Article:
I wouldn't forbid students who feel that they wish to indulge in rote learning from so doing, though likely it would be something I'd suggest they do on their own time. If I were spending "precious" classroom time on memorizing, it would be in ways I believe are more efficient and effective: through teaching or helping students develop their own mnemonics, and through games and other activities that help students do drill and practice in ways that reinforce memorization but not without elements of thinking and enjoyment. I'm afraid I'm much to anti-Puritanical to swallow the notion promoted endlessly in the Math Wars and Education Wars that it is necessary to torment students in order for them to learn.

On the other hand, to return to another favorite sore point, I am all for challenging students to stretch their thinking, and believe strongly that asking mathematics students to take what they've learned and use that to make attainable leaps beyond what has been directly instructed or analyzed in class is a reasonable and useful expenditure of that precious time. The degree to which such tasks need to be scaffolded is a useful and open pedagogical question that those of us who actually do such teaching continue to explore. I'm sure that it's something those Japanese teachers who use these sorts of problem tasks think about and discuss on a local and national basis. This remains yet another one of those delicate instructional questions for which I doubt there is a simple answer that would apply to everyone all the time (either teacher or student). But I know the mention of these sorts of problems, like the criticism of rote learning, upsets traditionalists. It seems ironic to me, however, that many of these same people have no compunctions, it seems, about promoting one kind of instruction that many students find boring and painful, while disdaining another kind which many find frustrating and painful. Or perhaps I only THINK this is a contradiction and source of irony.

Calavitta and Rote

The response of one defender of rote learning was to cite a recent article about a Los Angeles-area private school mathematics teacher and a video of a small snippet of his classroom work. I read the article when it was first mentioned on the list, but somehow didn't see the video (perhaps I didn't read the article on the LA TIMES web site) and decided when his name kept being thrown out as proof of the wonderful usefulness of rote learning that I needed to view him in action. Having done so, I posted this follow-up to my previous comments:

I just watch the very short video. Calavitta's a very exciting guy. I have too little context and content available to me to judge the scope of his methods. What we see is kids having a lot of fun. We don't see any math, of course, or have any way to judge what the kids can do mathematically, or how they learn to do those things. We do know that they seem to know and be able to recognize definitions, theorems, etc. and repeat them, one student doing it so absurdly quickly that Calavitta points out that he can't understand what the student said. Do you think that's a good thing? Why not get that guy from the old commercial who specialized in rapid-fire talking? Wouldn't he be an even BETTER instructor for these kids, if that's the real goal?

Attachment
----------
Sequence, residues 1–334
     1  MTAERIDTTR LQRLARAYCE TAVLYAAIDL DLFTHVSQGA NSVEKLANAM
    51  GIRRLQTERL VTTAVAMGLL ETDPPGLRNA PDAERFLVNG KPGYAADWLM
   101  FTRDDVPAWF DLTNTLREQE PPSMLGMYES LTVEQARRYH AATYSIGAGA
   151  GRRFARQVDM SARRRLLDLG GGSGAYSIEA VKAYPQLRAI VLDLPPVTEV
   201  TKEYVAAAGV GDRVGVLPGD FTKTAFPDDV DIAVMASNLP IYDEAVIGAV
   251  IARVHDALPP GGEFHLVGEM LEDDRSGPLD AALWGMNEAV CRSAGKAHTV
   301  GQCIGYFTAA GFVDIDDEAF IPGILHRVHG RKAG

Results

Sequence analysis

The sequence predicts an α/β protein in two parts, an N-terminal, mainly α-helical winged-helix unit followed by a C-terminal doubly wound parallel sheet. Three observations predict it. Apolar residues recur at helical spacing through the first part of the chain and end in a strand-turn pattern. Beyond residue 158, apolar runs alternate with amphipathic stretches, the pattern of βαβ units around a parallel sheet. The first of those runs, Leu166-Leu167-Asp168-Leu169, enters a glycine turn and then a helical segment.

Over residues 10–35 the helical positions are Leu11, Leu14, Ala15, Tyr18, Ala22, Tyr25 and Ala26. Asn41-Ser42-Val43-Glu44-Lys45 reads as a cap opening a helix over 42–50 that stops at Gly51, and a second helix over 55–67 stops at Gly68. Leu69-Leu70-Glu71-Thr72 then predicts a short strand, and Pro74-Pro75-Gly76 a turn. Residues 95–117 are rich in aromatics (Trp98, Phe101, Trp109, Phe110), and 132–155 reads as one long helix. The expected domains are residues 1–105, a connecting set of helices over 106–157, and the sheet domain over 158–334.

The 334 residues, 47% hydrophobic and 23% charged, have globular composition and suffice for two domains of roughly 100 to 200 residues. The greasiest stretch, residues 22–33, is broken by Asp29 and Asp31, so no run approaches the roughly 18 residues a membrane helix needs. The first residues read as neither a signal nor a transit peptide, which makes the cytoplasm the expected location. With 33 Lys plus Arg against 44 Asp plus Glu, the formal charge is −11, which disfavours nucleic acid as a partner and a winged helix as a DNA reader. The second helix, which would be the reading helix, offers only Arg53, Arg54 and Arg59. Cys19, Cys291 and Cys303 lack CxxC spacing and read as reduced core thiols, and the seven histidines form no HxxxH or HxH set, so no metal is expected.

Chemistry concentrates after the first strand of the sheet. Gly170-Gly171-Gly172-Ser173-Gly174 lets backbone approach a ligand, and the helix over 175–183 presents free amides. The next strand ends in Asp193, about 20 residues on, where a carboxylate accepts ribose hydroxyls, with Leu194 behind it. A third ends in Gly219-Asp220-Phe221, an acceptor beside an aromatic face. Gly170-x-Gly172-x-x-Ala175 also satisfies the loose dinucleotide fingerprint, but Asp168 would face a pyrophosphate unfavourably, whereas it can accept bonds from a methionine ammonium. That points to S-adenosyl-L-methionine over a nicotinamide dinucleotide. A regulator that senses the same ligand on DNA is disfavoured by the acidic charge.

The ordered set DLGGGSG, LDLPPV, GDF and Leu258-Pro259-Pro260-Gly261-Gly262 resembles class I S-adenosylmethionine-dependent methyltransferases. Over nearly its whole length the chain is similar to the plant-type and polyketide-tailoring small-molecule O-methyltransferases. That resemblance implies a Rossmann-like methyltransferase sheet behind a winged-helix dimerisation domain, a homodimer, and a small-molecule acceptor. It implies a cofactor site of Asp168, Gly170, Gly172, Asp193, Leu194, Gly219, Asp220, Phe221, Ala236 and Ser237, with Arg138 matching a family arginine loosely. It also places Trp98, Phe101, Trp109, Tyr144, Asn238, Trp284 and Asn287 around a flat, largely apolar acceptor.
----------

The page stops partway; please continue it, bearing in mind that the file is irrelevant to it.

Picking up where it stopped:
But of course, it isn't. Calavitta's teaching on that video is grounded in kids playing a game, and it looks like it's a positive, pretty much student-centered activity. I suspect there's more to his classes and instruction than that, or these kids wouldn't be doing well on calculus tests. Rapid fire repetition of theorems and definitions won't get you far on the tests with which I'm familiar, in high school or college.

You seem hung up on the surface of what he's up to. That's really too bad, as it would sell him badly short as an effective instructor. The guy actually cares about his students, according to the article. They clearly feel and reflect that. Do you think that's contained in his recitation exercises? Could you or most teachers learn to care about kids more from having them do those exercises? Would students believe you cared about them because you had them do such exercises?

You're mistaking the gift wrapping for the present. But kids won't make that mistake.

The Torture Never Stops?

Of course, to quote from BEN HUR, "It goes on." No matter that I thought I'd done a fair job of suggesting that Calavitta must be up to something other than (and more than) rote, the same idea that his teaching was a matter of "recitation-based memorization work" persisted (and continues to persist amongst the faithful. And so today I offered what I hope will be my last words on this matter:

As we still don't seem to have any definition of "recitation-based memorization work that Sam Calavitta advocates," it's a bit hard to talk intelligently about what he's doing. We see a video of kids responding quickly to flash-cards of formula and theorem names. So we know that some students have memorized the requisite information.

This begs several questions: 1) have all the kids done this, or only those who are quickest on the draw in the contest? 2) HOW have they memorized this information? We are being asked to believe without the smallest support that the contests ARE the learning. This seems highly doubtful. How could a student who hadn't already memorized these facts and words possibly learn them from hearing another kid rattle them off at breakneck speed? WHERE, WHEN, and HOW is the actual "learning" going on? 3) What can those who have memorized this information do with that information? Does being able to recite consistently translate into understanding of the meaning of the words and concepts? Into being able to use the information? How so? How do we know this? The video certainly provides virtually no information along those lines, either; and 4) Where do we see Calavitta advocating "recitation-based memorization"? We see him advocating caring about students. We see him letting kids have fun. We see him doing something along the lines of Math Jeopardy or Math Bee, but we don't see anyone doing "recitation-based memorization," unless I'm really blind to what's on that tape.